Flooding along a swollen river, tormenting through swirls and careering over cascades. Kayakers rush over, I sat by the river, pulled out my guitar and sang a sweet verse. With a whoosh Nature appeared and to the clap of booming thunder I was sold right down the river. Being made of muscle and blood I fought long and hard to keep head above water whilst tumbling over falls and rapids. Upon drifting to the side I struggled up the bank and was coated from head to toe in mud, at this point Nature could no longer see me as I merged with the background. Evading back to civilisation an endowment was set up to repay Nature and release my soul. Civilisation, however, was far from safe from gaze. At every turn, sniping advocates popped up, tempting and stealing souls from all and sundry. One day the urge to venture to a river was overwhelming and, laughing in the face of the fear, I set my boat upon the water once more. It was early morning and as the Sun rose in the distance over the city, the darting ghosts of Beelzebub could be seen taking shelter in the shadowy buildings. All of a sudden the sun set a spot light directly down on my craft, I gasped! And, prepared myself to meet destiny face to face. The rays burned and then erupted across the river and illuminated the entire valley in a crescendo of colour and beauty, for a brief moment Nature smiled and then relaxed to the toil of routine tending all the creatures and plants. I had been tricked, it was not Nature who tried to take my soul, but the Devil incarnation.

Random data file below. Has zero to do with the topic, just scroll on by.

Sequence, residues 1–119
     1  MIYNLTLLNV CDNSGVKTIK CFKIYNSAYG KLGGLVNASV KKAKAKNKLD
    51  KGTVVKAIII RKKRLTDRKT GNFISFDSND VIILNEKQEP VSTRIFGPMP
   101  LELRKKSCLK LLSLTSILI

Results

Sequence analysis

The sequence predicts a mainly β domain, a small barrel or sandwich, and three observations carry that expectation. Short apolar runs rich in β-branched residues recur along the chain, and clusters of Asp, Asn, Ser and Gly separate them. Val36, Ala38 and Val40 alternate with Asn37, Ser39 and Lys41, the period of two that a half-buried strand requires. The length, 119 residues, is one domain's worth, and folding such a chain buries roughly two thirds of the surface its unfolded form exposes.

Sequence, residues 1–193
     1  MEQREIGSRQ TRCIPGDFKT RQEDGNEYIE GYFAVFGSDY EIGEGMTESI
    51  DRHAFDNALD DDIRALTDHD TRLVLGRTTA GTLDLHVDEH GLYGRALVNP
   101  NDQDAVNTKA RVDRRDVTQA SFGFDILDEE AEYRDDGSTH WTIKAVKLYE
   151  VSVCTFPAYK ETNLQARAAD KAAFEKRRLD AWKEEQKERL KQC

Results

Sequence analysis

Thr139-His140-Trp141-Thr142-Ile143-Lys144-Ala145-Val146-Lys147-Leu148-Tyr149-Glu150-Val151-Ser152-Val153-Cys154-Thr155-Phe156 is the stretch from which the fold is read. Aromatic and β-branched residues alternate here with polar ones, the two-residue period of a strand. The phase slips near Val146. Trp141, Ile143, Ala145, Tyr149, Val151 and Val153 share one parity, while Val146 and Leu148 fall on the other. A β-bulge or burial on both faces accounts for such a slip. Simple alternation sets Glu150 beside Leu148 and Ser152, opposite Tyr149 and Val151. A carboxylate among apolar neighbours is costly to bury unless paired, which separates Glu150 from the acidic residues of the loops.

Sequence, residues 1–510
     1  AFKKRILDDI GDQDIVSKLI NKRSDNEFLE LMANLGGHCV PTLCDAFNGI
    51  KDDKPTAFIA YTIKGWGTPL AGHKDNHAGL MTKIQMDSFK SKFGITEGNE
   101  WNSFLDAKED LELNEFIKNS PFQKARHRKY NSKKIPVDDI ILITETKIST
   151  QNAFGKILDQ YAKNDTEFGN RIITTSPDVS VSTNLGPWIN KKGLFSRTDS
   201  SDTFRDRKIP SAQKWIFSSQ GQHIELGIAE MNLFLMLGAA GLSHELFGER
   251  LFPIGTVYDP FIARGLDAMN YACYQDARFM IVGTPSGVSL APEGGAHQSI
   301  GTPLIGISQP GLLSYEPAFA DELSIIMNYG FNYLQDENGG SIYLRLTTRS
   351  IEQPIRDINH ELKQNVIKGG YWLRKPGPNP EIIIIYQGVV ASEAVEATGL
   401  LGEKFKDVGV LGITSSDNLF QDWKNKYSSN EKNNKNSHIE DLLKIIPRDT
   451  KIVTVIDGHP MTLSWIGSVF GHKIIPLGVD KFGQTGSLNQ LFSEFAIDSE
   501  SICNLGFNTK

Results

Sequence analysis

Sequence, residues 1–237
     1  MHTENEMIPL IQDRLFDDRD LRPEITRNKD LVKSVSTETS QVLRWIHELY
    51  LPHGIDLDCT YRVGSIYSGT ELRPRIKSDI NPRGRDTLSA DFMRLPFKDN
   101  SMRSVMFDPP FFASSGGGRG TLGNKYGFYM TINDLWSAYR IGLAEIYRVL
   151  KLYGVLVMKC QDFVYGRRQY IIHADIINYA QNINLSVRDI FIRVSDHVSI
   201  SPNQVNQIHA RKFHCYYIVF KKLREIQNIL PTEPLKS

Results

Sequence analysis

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Re: Selling your soul; was it worth it?

Post by SimonMW »

I want some of whatever Morsey is taking ;)

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Re: Selling your soul; was it worth it?

Post by S.P. »

On a theme,while i was playing guitar for money i saw an eagle fly from a mountain,it flew between the sun and myself burning its silhouette into my mind.I believed.I travelled further that road,to the edge.Here i saw the trading of souls .......Look for the positives in this life you have. Harry Palmer

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Alec Ferris
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Re: Selling your soul; was it worth it?

Post by Alec Ferris »